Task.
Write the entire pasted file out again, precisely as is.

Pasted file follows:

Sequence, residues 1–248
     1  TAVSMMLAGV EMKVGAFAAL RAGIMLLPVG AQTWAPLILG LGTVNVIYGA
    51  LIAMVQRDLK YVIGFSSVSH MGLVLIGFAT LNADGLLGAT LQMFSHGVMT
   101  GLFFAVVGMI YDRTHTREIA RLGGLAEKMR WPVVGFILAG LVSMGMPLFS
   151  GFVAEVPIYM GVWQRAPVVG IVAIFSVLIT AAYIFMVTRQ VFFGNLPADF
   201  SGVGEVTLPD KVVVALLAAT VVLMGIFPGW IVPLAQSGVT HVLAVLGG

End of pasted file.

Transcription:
Sequence, residues 1–248
     1  TAVSMMLAGV EMKVGAFAAL RAGIMLLPVG AQTWAPLILG LGTVNVIYGA
    51  LIAMVQRDLK YVIGFSSVSH MGLVLIGFAT LNADGLLGAT LQMFSHGVMT
   101  GLFFAVVGMI YDRTHTREIA RLGGLAEKMR WPVVGFILAG LVSMGMPLFS
   151  GFVAEVPIYM GVWQRAPVVG IVAIFSVLIT AAYIFMVTRQ VFFGNLPADF
   201  SGVGEVTLPD KVVVALLAAT VVLMGIFPGW IVPLAQSGVT HVLAVLGG